A friend of mine just spent $400 to repair suspension damage caused by driving on Montreal’s many potholed and cracked roads.
The roads in this major city are generally in bad shape and its almost always blamed on the weather as if Montreal, or elsewhere had unique conditions not experienced in other regions of the world. But road surfaces everywhere eventually break up.
Typical Montreal roads (YouTube by Stiri-2015)
But it’s not the weather, and not really the quality of asphalt, but according to an engineer, it’s the method of paving.
Abd El Halim (Ph.D., F.C.S.C.E., F.C.A.E., P.Eng.) is a professor in the Department of Civil and Environmental Engineering and director of Infrastructure Protection and International Security at Carleton University in OttawaListen
Professor Halim has invented a new method of paving that seems to at least double the surface life streets and highways, if not longer.
He says in the past 100 years or so of macadam road paving, various mixtures have been tried and procedures but the one thing that hasn’t changed is the compacting method.
He has invented a new method using large long rubber tracks instead of the typical steel rollers and vibro-compactors.
His technology is called AMIR-which is the name of his son, but conveniently also describes his design, the Asphalt Multi-Integrated Roller
He says that the typical heavy steel rollers are applying a lot of pressure on a small contact area as they roll over the freshly laid hot mix asphalt (HMA), basically quickly crushing the mix as it passes then the surface rebounds slightly after the pass, creating tiny cracks as it re-expands slightly.
His AMIR method uses wide and long rubber belts which exert equal pressure over a vastly increased surface area and for a longer duration as the machine passes.
It’s roughly equivalent to a hammer blow (i.e steel roller) versus the same energy but created over a longer duration as a strong steady pressure (his rubber belt).
He often uses another analogy of taking an egg (the HMA) and holding it upright on a softer surface like a sponge (eg road bed). Taking the flat side of your steel kitchen knife, tap the egg using enough force until it cracks. Then he says, take another egg and using the same force, tap the egg with your fingertip and you won’t be able to crack it.
He came to the idea after a lab experiment which invented a very long lasting asphalt surface involving a plastic mesh. In the lab it worked very well, but he said when they tried it in a real-life project, the moment the rollers passed over, the same type of cracks appeared. This led him to think it wasn’t the asphalt mix, or new technology, but the effect of the steel rolling equipment.
He says in climates like Canada, the cracks allow water to penetrate which then freezes widening the crack which lets in more water and the cycle is repeated until the surface breaks, aided by the pounding of passing cars and trucks.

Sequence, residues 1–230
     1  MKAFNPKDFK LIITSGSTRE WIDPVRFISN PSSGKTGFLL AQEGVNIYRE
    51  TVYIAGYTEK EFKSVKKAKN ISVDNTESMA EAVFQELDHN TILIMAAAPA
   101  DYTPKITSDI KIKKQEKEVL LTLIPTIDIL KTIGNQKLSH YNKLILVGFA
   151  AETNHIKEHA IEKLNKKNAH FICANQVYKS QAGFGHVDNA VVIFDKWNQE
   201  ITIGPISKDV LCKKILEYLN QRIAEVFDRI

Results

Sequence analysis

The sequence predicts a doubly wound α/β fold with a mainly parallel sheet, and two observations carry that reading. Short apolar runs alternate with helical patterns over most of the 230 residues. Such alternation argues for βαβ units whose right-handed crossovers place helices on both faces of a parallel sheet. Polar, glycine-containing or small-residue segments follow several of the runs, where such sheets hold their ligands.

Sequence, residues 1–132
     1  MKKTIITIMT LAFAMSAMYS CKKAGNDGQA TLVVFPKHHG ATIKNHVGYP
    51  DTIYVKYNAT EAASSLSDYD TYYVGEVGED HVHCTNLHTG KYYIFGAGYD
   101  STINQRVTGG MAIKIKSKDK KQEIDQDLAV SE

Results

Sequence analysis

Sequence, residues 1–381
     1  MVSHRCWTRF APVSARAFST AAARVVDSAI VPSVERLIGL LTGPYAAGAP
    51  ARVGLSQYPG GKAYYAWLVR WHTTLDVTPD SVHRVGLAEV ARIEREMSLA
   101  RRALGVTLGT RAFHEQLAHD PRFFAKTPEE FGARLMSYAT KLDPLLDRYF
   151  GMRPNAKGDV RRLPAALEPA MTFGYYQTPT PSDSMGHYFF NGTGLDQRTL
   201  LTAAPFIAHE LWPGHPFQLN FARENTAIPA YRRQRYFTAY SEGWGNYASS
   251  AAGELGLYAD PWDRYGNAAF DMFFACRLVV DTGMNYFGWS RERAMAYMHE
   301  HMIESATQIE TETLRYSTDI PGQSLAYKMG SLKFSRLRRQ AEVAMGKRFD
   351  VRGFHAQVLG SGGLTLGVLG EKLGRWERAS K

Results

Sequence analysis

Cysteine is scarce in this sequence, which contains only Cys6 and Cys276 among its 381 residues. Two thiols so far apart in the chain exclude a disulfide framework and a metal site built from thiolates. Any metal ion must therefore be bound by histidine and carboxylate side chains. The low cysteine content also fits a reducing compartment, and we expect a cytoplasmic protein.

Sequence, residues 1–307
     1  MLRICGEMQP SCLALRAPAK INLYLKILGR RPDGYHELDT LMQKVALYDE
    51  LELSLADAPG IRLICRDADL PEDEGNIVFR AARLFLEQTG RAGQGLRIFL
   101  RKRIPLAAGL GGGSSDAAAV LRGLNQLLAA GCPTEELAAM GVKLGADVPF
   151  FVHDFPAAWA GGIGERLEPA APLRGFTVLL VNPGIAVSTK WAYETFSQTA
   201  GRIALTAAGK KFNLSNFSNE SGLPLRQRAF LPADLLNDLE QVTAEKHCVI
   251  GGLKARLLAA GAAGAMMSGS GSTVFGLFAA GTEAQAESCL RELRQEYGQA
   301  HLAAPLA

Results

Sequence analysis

Elsewhere in the world the cracks are the same although the process of breaking up the surface may be different, such as conditions of extreme heat and cooling.
He invented the technology decades ago, and though he won many awards for the concept, he came up against two hurdles.
Some huge paving equipment manufacturers wanted to buy the technology, but only to keep it off the market so as to not render their equipment lines obsolete. Contractors also were not entirely enthusiastic about a technology that would extend the life of roads and reduce the need for maintenance and repaving contracts.
And almost at the same time other investors thought it might not even be needed as then U.S. President Reagan had allocated hundreds of millions of dollars in the development of new formulas for something to be known as “super-pave”.
That eventually turned out to be of no real advantage. However, many years had passed, and Halim had moved on.
Then at a major technical conference in 2010 people asked again about his AMIR rollers as nothing else really seemed to offer service-life improvement. With interest from an Ontario government engineer a test was done in 2012 on a stretch of test road for the Ministry of Transport (MTO).
That has held up very well showing no damage after several years, while at the same time the traditional road needed repair.
The MTO estimate that roads which lasted even just one year longer would save $50 million annually.
One of the additional hurdles was the cost of new AMIR equipment which would replace a contractor’s existing machines. To solve that Halim worked with a company called Tomlinson to develop both new machines, but also AMIR kits that could retrofit to existing types of machines to greatly reduce costs.
The Ministry of Transport in Ontario is set to adopt the technology to repave a larger test section of road in that province.